Liturgy of the Eucharist
Preparation of the Altar - Because the liturgy of the Eucharist is a re-presentation of the events of the Last Supper, the
priest has to prepare the altar (table) for the Eucharistic banquet. The altar servers assist the priest by bringing the empty
chalice, communion cups and plates, and the cloths (purificators).
Offering of Gifts - the gifts of bread, wine and money are brought to the altar. We should also be offering our works and our whole lives to God as spiritual sacrifices at this time. The money collection is taken up by the ushers and is necessary to pay for the operation and maintenance of the church and to help the poor. At times, we are also encouraged to bring gifts of food and other things for the poor. The gifts of money and food also represent a sacrifice, because even though our families could use the money and food we chose to give it to help the Church and others. Parishioners are encouraged to volunteer to bring up the gifts as the offerings represent gifts from the entire church community.
Offertory Hymn - is sung as the altar is prepared, the collection is taken and the gifts are presented.
Prayer over the Gifts - The priest prays that the gifts and sacrifices we offered will be acceptable to God. We respond: 'Blessed be God forever', and 'May the Lord accept the sacrifice at your hands for the praise and glory of His name, for our good, and the good of all His Holy church.' and 'Amen.'
Eucharistic Prayer - is the prayer that changes the bread and wine into the Body and Blood, Soul and Divinity of our Lord, Jesus Christ. We respond to the first part of the priest's prayers with: 'And also with you'; 'We lift them up to the Lord' and 'It is right to give him thanks and praise'. After the priest calls upon the Lord in the prayer of the Preface, we respond with the same prayer that the angels sing to God in Heaven: 'Holy, Holy, Holy Lord, God of Hosts, Heaven and earth are full of your glory. Hosanna in the highest. Blessed is he who comes in the name of the Lord. Hosanna in the highest.'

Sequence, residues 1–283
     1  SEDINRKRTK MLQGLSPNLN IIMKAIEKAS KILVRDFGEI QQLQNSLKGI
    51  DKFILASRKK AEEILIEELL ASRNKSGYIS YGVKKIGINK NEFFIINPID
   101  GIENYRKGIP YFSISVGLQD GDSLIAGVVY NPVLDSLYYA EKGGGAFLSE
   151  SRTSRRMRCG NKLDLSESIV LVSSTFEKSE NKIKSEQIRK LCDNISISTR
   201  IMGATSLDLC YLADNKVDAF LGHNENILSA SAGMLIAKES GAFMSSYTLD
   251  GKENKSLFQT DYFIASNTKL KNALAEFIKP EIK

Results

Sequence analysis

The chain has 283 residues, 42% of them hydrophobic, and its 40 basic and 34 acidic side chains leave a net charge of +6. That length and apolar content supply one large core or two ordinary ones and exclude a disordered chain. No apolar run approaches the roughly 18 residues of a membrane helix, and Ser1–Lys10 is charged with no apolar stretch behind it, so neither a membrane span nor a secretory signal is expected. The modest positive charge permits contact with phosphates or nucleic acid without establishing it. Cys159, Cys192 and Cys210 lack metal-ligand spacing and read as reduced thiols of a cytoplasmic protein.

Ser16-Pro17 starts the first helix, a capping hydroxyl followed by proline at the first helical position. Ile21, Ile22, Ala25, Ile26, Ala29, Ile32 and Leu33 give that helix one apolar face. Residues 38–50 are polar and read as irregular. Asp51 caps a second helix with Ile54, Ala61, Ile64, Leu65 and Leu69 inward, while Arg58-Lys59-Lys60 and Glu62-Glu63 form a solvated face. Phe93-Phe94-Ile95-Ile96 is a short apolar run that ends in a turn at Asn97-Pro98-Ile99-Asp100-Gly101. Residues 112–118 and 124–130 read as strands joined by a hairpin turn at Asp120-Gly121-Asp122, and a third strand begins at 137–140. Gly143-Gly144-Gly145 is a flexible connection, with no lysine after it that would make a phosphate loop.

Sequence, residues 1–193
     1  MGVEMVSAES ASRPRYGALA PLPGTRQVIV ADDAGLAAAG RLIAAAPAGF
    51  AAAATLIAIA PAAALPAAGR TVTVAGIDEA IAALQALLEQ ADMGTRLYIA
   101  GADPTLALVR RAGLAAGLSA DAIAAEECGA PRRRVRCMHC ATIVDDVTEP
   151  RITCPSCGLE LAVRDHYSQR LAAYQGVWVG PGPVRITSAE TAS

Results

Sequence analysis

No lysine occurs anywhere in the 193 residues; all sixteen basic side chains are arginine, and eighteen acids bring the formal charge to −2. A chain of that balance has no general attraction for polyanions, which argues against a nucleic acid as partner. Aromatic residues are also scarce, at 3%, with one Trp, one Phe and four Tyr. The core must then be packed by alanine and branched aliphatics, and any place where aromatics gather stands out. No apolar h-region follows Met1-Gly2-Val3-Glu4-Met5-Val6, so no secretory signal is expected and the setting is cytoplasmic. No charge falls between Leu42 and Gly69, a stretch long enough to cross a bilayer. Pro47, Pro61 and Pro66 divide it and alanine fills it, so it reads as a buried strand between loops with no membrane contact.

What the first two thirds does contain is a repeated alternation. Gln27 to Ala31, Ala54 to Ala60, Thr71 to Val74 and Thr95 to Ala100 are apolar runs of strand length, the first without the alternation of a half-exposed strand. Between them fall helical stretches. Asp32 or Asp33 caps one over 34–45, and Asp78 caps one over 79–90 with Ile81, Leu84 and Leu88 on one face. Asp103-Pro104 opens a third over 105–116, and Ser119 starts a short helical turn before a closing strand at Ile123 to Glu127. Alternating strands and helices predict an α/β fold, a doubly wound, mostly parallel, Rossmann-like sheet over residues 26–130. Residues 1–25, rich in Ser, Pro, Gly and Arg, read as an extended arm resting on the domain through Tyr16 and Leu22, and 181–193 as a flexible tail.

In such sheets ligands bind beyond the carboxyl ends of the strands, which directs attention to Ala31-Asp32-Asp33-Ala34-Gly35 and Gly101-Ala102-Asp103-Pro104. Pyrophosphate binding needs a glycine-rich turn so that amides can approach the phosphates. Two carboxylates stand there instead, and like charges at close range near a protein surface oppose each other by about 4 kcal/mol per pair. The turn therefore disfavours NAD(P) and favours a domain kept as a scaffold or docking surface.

The Consecration - The priest re-presents the sacrifice of Jesus at the Last Supper:
The priest first holds up the bread and says:
'Before He was given up to death, a death He freely accepted, He took bread and gave You thanks. He broke the bread, gave it to His disciples, and said: Take this all of you, and eat it: this is My Body which will be given up for you.' (Bell may be rung to call attention to the moment of the consecration of the bread.)
Then the priest raises the chalice with the wine and says:
When supper was ended, He took the cup. Again He gave You thanks and praise, gave the cup to His disciples, and said: Take this, all of you, and drink from it: this is the cup of My Blood, the Blood of the new and everlasting covenant. It will be shed for you and for all so that sins may be forgiven. Do this in memory of Me. (Bell may be rung to call attention to the moment of the consecration of the wine.)
A miracle happens. It is the transubstantiation of the bread and wine into the Body, and Blood, Soul and Divinity of Jesus Christ. This miracle is the Mystery of the Eucharist! It still looks and tastes like bread and wine, but the substance is truly Jesus!